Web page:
Moreover, they eat nearly double the fat and protein of the well-rested participants and exhibited an exaggerated cycle in their endocannabinoid levels, with an especially high level in the afternoon — around the same time they reported feeling the hungriest.
Endocannabinoids are chemicals that our bodies naturally create to play a part in such physiological processes as appetite, pain-sensation, mood, and memory. They also to activate the same receptors that get people high from consuming marijuana, explaining the temptation for food stemming from sleep deprivation.
Have you ever felt so tired as to almost feel high? Well, this might be the reason…
Scientists hope these findings will lead to further scientific discoveries on food cravings that would aid in the treatment and control of binge eating.
Improve Your Gut Health By Eating Mangoes
If you suffer from constipation, a mango might just be what the doctor ordered.
A new pilot study carried out by Texas A & M University and published in the the peer-reviewed journal Molecular Nutrition and Food Research found that mangoes contain a combination of polyphenols and fiber that is more effective than an equivalent amount of fiber powder in relieving constipation.
Susanne U. Mertens-Talcott, a corresponding author of the four-week study and an associate professor in the department of nutrition and food science at Texas A & M University, stated:
“Our findings suggest that mango offers an advantage over fiber supplements because of the bioactive polyphenols contained in mangos that helped reduce markers of inflammation and change the make-up of the microbiome, which includes trillions of bacteria and other microbes living in our digestive track. Fiber supplements and laxatives may aid in the treatment of constipation, but they may not fully address all symptoms, such as intestinal inflammation.”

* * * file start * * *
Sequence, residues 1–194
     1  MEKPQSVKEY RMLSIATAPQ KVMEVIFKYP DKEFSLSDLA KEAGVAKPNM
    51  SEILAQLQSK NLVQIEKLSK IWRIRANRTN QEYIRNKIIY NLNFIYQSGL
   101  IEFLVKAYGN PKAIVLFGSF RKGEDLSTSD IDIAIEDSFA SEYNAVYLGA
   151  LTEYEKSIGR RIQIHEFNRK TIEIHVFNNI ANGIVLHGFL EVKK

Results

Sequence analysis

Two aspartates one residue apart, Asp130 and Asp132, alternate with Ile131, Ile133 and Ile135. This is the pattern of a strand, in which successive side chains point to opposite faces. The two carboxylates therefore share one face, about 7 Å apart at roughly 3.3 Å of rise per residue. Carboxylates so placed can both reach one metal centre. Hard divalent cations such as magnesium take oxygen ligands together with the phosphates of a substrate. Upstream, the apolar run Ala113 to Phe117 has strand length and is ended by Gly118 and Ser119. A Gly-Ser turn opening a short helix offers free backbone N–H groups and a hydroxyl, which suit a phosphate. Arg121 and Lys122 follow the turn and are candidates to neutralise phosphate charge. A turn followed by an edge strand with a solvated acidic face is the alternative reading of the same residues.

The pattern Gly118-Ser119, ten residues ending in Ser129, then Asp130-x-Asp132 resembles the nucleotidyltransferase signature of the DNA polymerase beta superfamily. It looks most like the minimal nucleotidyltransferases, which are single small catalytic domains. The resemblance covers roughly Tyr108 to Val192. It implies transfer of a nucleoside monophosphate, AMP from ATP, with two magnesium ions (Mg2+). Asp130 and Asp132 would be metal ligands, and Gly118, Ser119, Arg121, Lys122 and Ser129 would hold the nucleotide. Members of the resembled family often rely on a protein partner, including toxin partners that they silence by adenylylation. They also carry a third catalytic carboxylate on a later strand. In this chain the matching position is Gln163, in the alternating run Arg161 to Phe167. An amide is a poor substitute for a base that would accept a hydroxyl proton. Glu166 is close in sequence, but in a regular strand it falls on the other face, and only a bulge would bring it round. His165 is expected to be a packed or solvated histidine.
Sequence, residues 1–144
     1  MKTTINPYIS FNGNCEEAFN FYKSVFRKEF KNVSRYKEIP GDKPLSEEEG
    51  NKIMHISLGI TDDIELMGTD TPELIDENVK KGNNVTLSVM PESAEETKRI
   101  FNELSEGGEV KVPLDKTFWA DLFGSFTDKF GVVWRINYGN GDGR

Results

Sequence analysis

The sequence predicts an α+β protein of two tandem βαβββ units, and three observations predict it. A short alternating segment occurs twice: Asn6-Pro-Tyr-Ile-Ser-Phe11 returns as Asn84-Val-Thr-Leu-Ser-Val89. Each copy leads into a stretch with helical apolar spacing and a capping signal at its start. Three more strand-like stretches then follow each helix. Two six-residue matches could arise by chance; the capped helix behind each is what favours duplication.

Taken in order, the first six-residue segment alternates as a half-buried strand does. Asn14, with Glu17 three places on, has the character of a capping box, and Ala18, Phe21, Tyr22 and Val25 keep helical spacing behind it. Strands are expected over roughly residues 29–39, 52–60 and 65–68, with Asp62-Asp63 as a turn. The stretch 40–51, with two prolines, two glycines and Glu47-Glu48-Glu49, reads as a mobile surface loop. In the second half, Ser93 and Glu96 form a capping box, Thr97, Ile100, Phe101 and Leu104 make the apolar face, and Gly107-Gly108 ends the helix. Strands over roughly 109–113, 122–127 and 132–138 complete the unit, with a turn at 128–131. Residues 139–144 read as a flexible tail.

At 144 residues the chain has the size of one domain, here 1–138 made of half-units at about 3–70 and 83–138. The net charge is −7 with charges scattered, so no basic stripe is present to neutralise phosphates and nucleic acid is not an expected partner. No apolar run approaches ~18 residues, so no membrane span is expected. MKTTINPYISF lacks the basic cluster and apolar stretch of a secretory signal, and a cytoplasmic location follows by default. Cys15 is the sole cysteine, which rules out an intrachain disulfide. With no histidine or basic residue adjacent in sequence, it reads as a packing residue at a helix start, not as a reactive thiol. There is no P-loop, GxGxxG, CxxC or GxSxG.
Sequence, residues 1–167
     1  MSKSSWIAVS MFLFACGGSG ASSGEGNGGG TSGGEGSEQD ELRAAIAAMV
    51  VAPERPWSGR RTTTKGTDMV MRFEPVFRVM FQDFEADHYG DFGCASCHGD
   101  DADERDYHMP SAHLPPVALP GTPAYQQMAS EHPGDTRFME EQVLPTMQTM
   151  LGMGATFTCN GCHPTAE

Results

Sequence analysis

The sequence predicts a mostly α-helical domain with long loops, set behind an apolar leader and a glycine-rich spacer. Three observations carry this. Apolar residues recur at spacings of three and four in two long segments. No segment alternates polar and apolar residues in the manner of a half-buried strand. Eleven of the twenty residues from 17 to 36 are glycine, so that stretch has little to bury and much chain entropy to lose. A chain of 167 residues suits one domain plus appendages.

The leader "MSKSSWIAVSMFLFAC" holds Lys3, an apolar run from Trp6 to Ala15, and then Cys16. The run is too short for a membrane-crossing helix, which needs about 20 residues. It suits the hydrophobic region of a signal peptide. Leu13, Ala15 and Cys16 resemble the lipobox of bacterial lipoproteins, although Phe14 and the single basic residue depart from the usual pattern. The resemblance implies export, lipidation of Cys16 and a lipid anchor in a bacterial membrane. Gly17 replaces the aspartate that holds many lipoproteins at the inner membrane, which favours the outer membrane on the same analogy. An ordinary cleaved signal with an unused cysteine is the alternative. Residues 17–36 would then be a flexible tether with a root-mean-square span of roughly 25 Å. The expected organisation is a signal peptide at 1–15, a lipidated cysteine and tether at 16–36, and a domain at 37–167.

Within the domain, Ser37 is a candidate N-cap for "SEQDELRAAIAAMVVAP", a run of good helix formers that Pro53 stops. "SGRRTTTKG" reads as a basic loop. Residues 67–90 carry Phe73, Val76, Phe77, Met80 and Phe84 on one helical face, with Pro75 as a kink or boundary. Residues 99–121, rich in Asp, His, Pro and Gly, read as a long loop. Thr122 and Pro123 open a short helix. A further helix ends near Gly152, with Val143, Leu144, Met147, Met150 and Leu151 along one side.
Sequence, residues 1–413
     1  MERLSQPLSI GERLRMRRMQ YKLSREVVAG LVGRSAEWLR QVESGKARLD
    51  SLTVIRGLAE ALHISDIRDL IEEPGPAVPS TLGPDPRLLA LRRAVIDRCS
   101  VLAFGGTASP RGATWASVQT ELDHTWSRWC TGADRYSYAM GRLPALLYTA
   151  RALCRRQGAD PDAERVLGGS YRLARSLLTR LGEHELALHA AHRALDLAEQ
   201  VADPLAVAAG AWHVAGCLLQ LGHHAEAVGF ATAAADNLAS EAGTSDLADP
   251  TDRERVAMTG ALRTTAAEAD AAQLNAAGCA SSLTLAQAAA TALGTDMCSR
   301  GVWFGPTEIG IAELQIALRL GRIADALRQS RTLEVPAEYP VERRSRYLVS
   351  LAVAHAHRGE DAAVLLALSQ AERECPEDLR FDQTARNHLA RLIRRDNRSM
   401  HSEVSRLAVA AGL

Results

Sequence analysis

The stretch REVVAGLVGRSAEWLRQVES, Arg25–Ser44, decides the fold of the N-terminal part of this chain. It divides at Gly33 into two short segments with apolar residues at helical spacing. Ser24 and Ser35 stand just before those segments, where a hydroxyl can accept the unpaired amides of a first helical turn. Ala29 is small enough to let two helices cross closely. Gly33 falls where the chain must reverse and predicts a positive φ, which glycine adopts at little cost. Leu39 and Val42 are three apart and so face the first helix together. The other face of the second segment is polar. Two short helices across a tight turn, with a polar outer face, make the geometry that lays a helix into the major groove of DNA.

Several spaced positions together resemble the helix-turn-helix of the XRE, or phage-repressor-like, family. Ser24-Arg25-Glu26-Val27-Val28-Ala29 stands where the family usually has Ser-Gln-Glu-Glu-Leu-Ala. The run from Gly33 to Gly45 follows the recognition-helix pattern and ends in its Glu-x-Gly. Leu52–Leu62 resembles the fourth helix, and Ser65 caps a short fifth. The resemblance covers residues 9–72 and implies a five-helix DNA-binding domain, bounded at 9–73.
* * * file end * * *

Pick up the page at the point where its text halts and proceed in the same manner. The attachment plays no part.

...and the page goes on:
Researchers took 36 adult men and women with chronic constipation and randomly divided them into two groups — a mango group that ate about 300 grams of mango a day (equivalent to about 2 cups or 1 mango) and a fiber group that incorporated the equivalent amount of fiber powder (1 teaspoon or 5 grams of dietary psyllium fiber supplement) into their daily diet.
A food questionnaire was then given to the participants to assess their food intake and ensure their eating habits remained consistent (i.e. equivalent amounts of calories, carbohydrates, fiber, protein and fat) and measures of constipation severity were taken at the beginning and end of four weeks.
Their analysis revealed that while both the mango and fiber groups improved over the course of the study, mangoes proved more effective in reducing the symptoms of constipation than fiber alone.
Mango supplementation significantly improved constipation status (e.g. stool frequency, consistency and shape), increased short chain fatty acids levels, which indicate improvement of intestinal microbial composition, and helped to reduce certain biomarkers of inflammation.
Mangoes have long been know to be a rich source of dietary fiber, but Texas A & M University’s study is possibly the only study ever to be dedicated to the efficacy of the tasty fruit at relieving constipation.
But as promising as these findings are, the researchers concluded that more research is needed to determine the exact mechanism behind the protective effect of mangoes in constipation and the role mango polyphenols may play in supporting the beneficial effects of fiber.
A mango day keeps your food moving smoothly and easily, right?